English for Academic Purposes: Materials

Listening Comprehension and Note-Taking

 1 Introduction

1.0 Introduction

1.1 Introduction to note-taking skills

1.2 The purpose of note-taking

1.3 How to take notes

1.4 Abbreviations and symbols

2 Understanding meaning

2.0 Introduction

2.1 Spoken language / Recognising spoken sentences

2.2 Understanding relations within the sentence / complex sentences

2.3 Understanding intonation, voice emphasis etc.

2.4 Importance markers

2.5 Deducing the meaning of unfamiliar words and word groups

2.6 Understanding explicitly stated information

2.7 Recognising implications: information not explicitly stated

2.8 Understanding conceptual meaning, e.g. comparison, purpose, cause, effect

2.9 Recognising the speaker's attitude

3 Understanding relationships in the lecture/discussion/demonstration

3.1 Understanding the communicative value of sentences

3.2 Understanding relations between the parts of a lecture through lexical cohesion devices

3.3 Understanding relations between parts of a lecture through grammatical cohesion devices

3.4 Understanding relations between parts of a lecture by recognising indicators in discourse

3.5 Understanding the lecture by going outside it

4 Evaluating the importance of information

4.1 Recognising the sections of a talk

4.2 Recognising repeated or reformulated information

4.3 Distinguishing the main ideas from supporting material

4.4 Recognising unsupported claims and claims supported by evidence: fact from opinion

4.5 Following an argument

4.6 Listening critically / evaluating the text

5 Listening skills

5.0 The listening process: how we listen

5.1 Skimming: listening to obtain gist

5.2 Scanning: listening to obtain specific information

5.3 Ignoring irrelevant information

5.4 Selective extraction of relevant points

5.5 Extracting salient points to summarise text

5.6 Following instructions

Materials

1. Introduction

1.0. Introduction

Heaton & Dunmore (1992, chap. 6)
James, Jordan & Matthews (1979)
Lynch (1983)
Mason (1983)
Salimbene (1982, chap. 2)
Waters & Waters (1995, chap. 6)

1.1. Introduction to note-taking skills

Ferguson & O'Reilly (1977)
Heaton & Dunmore (1992, chap. 5&10)
James, Jordan & Matthews (1979)
Lynch (1983, chap. 1)
Rowntree (1976, chap. 7)
Wallace (1980, chap. 3)
Waters & Waters (1995, chap.5)

1.2. The purpose of note-taking

Wallace (1980, chap.. 3)

1.3. How to take notes

Adkins & McKean (1985)
Espeseth (1999, pp. 10, 28-29, 41, 43, 56, 57, 135,)
James, Jordan & Matthews (1979, pp. 10-11)
Lynch (1983, chap. 6)
Wallace (1980, chap. 3)
Waters & Waters (1995, pp. 66-80)
Williams, R. (1982)
Yorkey (1982, chap. 7)

1.4. Abbreviations and symbols

Adkins & McKean (1985, chap. 2)
Espeseth (1999, pp. 26)
Lynch (1983, chap. 6)
Wallace (1980, chap. 3)
Yorkey (1982, chap. 7)

2. Understanding meaning

2.0. Introduction

Adkins & McKean (1985)
Ferguson & O'Reilly (1977)
Jordan (1984)
Lynch (1983)

2.1. Spoken language / Recognising spoken sentences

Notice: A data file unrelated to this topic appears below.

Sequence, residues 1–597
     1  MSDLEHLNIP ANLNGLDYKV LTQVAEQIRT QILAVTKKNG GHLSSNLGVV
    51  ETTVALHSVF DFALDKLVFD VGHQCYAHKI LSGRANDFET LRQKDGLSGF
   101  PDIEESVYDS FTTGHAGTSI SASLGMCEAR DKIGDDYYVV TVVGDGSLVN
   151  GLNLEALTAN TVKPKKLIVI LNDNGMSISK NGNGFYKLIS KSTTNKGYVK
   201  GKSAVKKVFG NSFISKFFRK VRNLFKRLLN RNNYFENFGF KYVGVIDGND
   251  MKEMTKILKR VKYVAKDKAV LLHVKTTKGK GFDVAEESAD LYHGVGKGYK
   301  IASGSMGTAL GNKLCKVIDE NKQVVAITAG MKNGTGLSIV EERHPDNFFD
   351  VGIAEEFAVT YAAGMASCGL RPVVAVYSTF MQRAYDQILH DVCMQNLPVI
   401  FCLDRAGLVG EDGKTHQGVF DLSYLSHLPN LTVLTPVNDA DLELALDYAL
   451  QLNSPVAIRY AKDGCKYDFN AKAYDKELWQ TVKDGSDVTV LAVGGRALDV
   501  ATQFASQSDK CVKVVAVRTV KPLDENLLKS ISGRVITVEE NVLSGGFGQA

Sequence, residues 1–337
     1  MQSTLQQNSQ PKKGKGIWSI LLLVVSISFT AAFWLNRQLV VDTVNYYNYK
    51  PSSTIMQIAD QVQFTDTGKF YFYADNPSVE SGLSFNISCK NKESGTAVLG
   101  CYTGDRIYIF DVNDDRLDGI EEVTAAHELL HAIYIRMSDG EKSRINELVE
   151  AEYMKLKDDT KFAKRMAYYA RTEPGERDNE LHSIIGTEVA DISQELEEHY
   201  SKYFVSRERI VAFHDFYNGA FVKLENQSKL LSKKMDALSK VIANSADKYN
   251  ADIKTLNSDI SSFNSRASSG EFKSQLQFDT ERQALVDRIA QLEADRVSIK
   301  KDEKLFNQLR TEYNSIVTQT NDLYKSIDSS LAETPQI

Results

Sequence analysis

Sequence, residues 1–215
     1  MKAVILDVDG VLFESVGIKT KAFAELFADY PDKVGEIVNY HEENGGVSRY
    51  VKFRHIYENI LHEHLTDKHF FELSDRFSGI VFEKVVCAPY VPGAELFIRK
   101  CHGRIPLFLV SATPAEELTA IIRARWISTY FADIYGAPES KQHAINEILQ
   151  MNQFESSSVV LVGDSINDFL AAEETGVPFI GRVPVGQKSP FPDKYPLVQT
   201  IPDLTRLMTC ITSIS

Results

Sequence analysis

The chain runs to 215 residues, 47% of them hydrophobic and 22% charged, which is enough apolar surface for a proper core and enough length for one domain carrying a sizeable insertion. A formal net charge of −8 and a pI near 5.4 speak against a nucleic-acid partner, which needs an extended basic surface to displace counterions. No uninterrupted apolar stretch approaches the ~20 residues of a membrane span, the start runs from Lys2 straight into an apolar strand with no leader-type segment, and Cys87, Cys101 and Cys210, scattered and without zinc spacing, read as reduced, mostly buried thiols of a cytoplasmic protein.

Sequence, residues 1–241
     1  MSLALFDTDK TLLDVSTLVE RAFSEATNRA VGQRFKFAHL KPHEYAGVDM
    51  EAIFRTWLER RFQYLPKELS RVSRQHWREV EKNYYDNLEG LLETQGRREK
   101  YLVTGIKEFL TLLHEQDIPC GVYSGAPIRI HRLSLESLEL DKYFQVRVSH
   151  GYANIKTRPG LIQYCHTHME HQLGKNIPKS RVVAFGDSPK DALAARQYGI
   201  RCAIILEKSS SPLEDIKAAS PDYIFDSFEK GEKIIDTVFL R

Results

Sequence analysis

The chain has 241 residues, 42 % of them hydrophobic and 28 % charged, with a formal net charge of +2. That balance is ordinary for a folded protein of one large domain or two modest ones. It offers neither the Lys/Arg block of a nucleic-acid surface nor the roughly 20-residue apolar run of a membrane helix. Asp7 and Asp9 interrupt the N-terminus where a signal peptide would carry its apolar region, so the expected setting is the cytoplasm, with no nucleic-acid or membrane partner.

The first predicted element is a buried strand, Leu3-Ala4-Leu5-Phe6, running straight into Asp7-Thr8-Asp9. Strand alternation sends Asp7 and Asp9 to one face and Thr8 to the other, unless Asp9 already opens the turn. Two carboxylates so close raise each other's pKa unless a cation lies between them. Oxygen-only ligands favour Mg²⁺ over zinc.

Jordan (1984)
Lynch (1983, chs. 2 & 5)
Salehzadeh (2006, ch. 2)

2.2. Understanding relations within sentences / complex sentences

2.3. Understanding intonation, voice emphasis, etc

Jordan (1984)
Lynch (1983, chap. 2)

2.4. Importance markers

Lynch (1993, chap. 4)
Espeseth (1999, p. 54)

2.5. Deducing the meaning of unfamiliar words and word groups

Lynch (1983, chap. 5)
Espeseth (1999, pp. 11, 13, 29, 42, 44, 55-56, 81, 83, 97, 109, 121-123, 136)

2.6. Understanding explicitly stated information

2.7. Understanding implications: information not explicitly stated

Geddes (1988, chap. 3.7)
Espeseth (1999, pp. 7, 21, 27, 38)

2.8. Understanding conceptual meaning: e.g. comparison, purpose, cause, effect

Lynch (1983, chap. 7, 8, 9, & 10)

2.9. Recognising speaker's attitude

3. Understanding relationships in the lecture etc

3.1. Understanding the communicative value of sentences

Lynch (1983)

3.2. Understanding relations between parts of a lecture through lexical cohesion devices

 Lynch (1983, chap. 13)

3.3. Understanding relations between parts of a lecture through grammatical cohesion devices

3.4. Understanding relations between parts of a lecture by recognising indicators in discourse

Lynch (1983, chs 8 & 13)
Salehzadeh (2006, ch. 3)
Wallace (1980, pp. 57-)

3.5. Understanding the lecture by going outside it

4. Evaluating the importance of information

4.1. Recognising the sections of a talk

Ferguson & O'Reilly (1977)
Lynch (1983, chap. 13)
Wallace (1980, pp. 62-, 76-)

4.2. Recognising repeated or reformulated information

Geddes (1988, chap. 6)
Lynch (1983, chap. 14)

4.3. Distinguishing the main ideas from supporting material

Espeseth (1999, p. 68)
Ferguson & O'Reilly (1977)
Heaton & Dunmore (1992, pp. 74-75)
Wallace (1980)

4.4. Recognising unsupported claims and claims supported by evidence: fact from opinion

Lynch (1983)

4.5. Following an argument

Lynch (1983, chap. 15)
Salehzadeh (2006, pp. 55-72)

4.6. Listening critically / evaluating the text

5. Listening skills

5.0. The listening process

Fairfax & Trzeciak (1999, Unit 1)
Salehzadeh (2006, ch. 1)

5.1. Skimming: listening to obtain gist

Lynch (1983)

5.2. Scanning: listening to obtain specific information

 Espeseth (1999, pp. 5, 6, 35, 63, 75, 76, 82, 104, 115, 131)

5.3. Ignoring irrelevant information

Espeseth (1999, p. 36)
Lynch (1983)

5.4. Selective extraction of relevant points

Lynch (1983)

5.5. Extracting salient points to summarise text

Espeseth (1999, pp. 12-13, 18-19, 37, 50, 65, 70-71, 90, 103, 137)
Geddes (1988, chap. 4)
Lynch (1983)

5.6. Following instructions

Espeseth (1999, pp. 3, 16, 18-19)
Jordan (1982)
Jordan (1984, chap. 4)
McDowell & Stevens (1982, chaps. 6 & 7)
Todd (1981, chaps. 10 & 11)